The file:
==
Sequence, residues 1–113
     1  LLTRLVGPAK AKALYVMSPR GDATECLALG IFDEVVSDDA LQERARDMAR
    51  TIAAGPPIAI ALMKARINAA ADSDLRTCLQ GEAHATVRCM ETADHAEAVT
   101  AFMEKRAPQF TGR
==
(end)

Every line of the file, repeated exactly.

Sequence, residues 1–113
     1  LLTRLVGPAK AKALYVMSPR GDATECLALG IFDEVVSDDA LQERARDMAR
    51  TIAAGPPIAI ALMKARINAA ADSDLRTCLQ GEAHATVRCM ETADHAEAVT
   101  AFMEKRAPQF TGR